From Rural Fields to Battlefields Part 3: Las Vegas

This blog is part four in a five-part series about Clark Hall by 2019 National History Academy student Dominique Castanheira. 

Part 3: Las Vegas

In 1971, Clark Hall’s 17 year-long career with the FBI began in the unassuming city of Minneapolis. He expected to be doing hard, important work. Instead, the rookie agent was working interstate theft investigations.

“I was ambitious, in a good way,” Mr. Hall said. “I wanted to have a career. I wanted to work complex cases, ones that mattered. Because there were consequences for those serious crimes. A supervisor told me, ‘In any office, take 10 agents. One of them will be a case agent. It’s a phrase you’ll never see in a handbook, but the role is cherished. The case agent is the person who decides what will happen in the case. The other nine in the office work for him.’ And I wanted to be that one case agent. Not because I wanted to lord over everybody, but because I wanted to have an impact.”

Mr. Hall’s desire to create an impact would soon be realized. The skills he had gained in Mississippi and polished in Vietnam served him well in the Bureau.

“I carried into the FBI the experience of my upbringing. I was very self-reliant on the farm and throughout the Marine Corps. And so in the FBI, that self-reliance continued. Very quickly in my career, I was selected to be a case agent. The FBI did the same thing for me that the Marine Corps had done. They rewarded me for what I did well. I’m organized and precise. I approach everything with fairness, equity, and a generosity of spirit,” Mr. Hall said.

A year into working with the FBI, Mr. Hall transferred to the Milwaukee Division. By day, he was a relentless intelligence agent. At night, he returned to his family. As the years passed, his job taught him to expect the unexpected. But nothing could have prepared him to find his wife and children’s bags packed and the house empty.

“I was working hard because I wanted to get on the Organized Crime Squad, trying to make my bones,” Mr. Hall said. “So I was spending a lot of time away from home. And in 1974, my wife decided, unbeknownst to me, that she was unhappy. She had an affair with our next-door neighbor and took my two kids back to Kansas. So then I’m not with my kids any longer, and I’ve lost my wife.”

He would see his son and daughter again; his first wife would send them to live with him when they reached eighth grade. And although he was powerless to stop her from leaving, he did gain power, and meaningful work, on Milwaukee’s Organized Crime Squad. Against the backdrop of Lake Michigan, Mr. Hall investigated illegal gambling, police corruption, and mob killings.

“In the Bureau, your career is best made, your impact best realized, when you specialize,” Mr. Hall said. “So I specialized in Sicilian organized crime. That was a good time to be working Sicilian organized crime because it was an extraordinarily powerful organization in the 70s when I was working it and in the early 80s.”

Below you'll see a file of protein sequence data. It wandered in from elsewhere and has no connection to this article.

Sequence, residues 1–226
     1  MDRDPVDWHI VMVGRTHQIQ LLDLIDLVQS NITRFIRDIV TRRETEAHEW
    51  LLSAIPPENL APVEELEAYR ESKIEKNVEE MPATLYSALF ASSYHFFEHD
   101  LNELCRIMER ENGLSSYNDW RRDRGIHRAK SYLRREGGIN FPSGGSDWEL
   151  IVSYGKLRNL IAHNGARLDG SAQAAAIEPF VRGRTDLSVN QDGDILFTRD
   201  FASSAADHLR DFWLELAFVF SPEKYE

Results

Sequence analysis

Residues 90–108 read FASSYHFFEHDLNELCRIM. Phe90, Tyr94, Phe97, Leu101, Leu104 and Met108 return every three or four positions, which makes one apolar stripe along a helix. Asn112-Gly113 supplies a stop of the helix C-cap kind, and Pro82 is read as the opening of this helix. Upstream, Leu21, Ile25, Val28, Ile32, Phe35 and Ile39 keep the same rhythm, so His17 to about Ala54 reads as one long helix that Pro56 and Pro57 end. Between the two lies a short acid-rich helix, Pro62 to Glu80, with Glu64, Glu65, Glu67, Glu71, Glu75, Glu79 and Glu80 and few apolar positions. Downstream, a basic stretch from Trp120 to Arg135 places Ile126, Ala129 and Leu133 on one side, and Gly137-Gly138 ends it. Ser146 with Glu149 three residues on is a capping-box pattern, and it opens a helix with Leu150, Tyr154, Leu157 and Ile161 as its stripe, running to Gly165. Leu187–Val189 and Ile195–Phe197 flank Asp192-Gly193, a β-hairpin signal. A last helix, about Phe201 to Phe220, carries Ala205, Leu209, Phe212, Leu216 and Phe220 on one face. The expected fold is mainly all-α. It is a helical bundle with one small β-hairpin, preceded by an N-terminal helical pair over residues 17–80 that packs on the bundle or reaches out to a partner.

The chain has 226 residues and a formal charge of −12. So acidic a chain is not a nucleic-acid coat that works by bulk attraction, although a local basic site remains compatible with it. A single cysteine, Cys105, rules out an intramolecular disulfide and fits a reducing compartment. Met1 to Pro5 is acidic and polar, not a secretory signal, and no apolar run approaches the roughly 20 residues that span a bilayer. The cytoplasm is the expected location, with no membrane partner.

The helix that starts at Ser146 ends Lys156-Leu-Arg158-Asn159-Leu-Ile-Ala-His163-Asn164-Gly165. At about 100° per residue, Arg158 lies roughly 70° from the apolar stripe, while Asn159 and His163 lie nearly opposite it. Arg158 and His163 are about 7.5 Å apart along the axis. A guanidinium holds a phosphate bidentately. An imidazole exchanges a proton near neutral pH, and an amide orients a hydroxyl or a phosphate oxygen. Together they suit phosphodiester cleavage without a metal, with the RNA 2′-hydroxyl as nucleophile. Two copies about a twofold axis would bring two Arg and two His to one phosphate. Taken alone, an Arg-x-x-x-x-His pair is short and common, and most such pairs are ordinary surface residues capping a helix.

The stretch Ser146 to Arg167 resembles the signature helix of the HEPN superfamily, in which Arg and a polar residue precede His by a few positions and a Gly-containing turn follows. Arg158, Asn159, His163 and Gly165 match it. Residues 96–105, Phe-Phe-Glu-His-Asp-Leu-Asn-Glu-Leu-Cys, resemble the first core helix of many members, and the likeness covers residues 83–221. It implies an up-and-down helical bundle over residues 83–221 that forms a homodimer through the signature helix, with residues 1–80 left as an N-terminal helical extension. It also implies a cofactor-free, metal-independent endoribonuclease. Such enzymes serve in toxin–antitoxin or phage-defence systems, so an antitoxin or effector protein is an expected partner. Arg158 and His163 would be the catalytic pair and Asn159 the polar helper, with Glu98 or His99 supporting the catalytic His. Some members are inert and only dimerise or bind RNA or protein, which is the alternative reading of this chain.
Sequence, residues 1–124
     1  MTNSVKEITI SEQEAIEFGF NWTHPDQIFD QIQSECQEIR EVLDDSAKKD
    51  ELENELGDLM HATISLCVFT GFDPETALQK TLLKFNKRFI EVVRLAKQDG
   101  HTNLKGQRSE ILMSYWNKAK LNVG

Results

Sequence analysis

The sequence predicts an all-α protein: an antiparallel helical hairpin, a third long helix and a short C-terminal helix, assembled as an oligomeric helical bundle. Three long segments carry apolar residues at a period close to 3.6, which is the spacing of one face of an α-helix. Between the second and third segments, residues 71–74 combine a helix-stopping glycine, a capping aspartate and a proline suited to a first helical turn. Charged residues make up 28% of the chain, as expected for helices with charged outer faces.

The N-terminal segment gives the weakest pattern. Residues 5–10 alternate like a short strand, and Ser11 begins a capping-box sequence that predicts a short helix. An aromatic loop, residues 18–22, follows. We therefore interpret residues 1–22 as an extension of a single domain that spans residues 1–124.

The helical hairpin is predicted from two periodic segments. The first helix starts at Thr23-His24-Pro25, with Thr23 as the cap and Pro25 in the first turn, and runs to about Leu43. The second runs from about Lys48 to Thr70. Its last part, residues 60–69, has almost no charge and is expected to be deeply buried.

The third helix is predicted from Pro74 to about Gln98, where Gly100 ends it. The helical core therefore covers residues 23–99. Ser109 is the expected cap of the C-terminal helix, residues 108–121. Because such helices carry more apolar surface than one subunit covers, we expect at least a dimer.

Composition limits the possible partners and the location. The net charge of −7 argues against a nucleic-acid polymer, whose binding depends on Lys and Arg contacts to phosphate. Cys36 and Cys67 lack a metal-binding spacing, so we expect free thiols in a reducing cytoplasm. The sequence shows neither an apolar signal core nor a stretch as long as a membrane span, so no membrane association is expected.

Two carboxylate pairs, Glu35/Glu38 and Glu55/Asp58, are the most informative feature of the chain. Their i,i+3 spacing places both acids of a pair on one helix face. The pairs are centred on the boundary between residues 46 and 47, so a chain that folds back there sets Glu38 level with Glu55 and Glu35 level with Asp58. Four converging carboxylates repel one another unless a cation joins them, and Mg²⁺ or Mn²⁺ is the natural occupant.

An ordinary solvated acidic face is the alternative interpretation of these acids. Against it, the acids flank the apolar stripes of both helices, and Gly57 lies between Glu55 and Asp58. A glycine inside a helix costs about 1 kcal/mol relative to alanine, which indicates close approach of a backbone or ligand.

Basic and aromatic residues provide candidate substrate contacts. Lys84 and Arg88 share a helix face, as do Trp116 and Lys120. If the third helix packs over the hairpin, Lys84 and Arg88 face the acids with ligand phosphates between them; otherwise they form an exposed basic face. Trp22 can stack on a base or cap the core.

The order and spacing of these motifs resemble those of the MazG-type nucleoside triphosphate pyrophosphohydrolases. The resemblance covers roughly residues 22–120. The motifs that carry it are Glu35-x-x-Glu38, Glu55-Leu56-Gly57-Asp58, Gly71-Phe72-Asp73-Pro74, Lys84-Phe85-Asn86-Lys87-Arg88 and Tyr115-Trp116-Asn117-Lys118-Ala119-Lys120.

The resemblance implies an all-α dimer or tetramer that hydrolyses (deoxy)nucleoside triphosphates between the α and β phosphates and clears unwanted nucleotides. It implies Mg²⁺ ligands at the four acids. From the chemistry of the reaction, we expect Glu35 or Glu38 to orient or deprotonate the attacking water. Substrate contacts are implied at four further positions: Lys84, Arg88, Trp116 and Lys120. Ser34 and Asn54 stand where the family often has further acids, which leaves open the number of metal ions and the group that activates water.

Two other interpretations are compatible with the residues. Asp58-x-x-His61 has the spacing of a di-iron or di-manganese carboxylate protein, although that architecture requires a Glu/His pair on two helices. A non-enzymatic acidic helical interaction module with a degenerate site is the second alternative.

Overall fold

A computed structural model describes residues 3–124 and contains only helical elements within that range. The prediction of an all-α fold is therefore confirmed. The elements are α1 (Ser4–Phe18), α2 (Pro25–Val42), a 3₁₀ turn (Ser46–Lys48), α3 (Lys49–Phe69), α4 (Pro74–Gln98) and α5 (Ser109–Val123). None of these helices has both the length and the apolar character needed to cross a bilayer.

Indeed, by the 1970s, Sicilian organized crime had planted its roots throughout the country. Its corruption of labor unions allowed La Cosa Nostra, also known as the American Mafia, to control almost every aspect of certain casino operations in Las Vegas. Faced with this serious organized crime problem, the FBI’s Las Vegas Division underwent re-configuring. Clark Hall, distinguished by his great success in Milwaukee, was flown out to Sin City in 1977.

Clark Hall, left, arresting a member of the mob during his FBI days (Courtesy Clark Hall)

“For the next several years, I witnessed first-hand the power of the Mob. The FBI is the government, we are upholding the law. If you are a mob guy and you turn your nose at the law and kill people and steal from them, guess what? We’re coming after you. We do not yield.” Mr. Hall said.

The whole situation was chock-full of cinematic elements. Police and political corruption overwhelming the city. Mid-western organized crime families owning Las Vegas casinos. The FBI, equipped with surveillance and undercover resources, fighting it all. Martin Scorsese, an American-Italian director, saw the story to be told. In 1995, Robert De Niro and Sharon Stone starred in Casino, Scorsese’s movie following La Cosa Nostra’s illegal actions in Las Vegas. Far from the invincible FBI agents in the 1995 movie, however, Clark Hall faced the real criminals – and the real dangers – in Vegas in the 1970s.

“In Las Vegas, I was a SWAT team leader in addition to working organized crime,” Mr. Hall said. “We would have to arrest dangerous people. And anytime you’re arresting dangerous people that are armed, the chances of getting shot are pretty great. So I was in those kinds of situations all the time; gunfire and gunplay. It wasn’t like Vietnam, where conflict was a constancy. But on a monthly basis, we would have a gunfight with somebody.”

Las Vegas was the hub of mob activity on the West Coast. Cleaning up this lynchpin ripped the Mafia out of big cities nationwide. Through its work in Vegas, the FBI effectively wiped La Cosa Nostra out. The Mississippi native turned intelligence agent had worked a complex case that mattered. He had made an impact.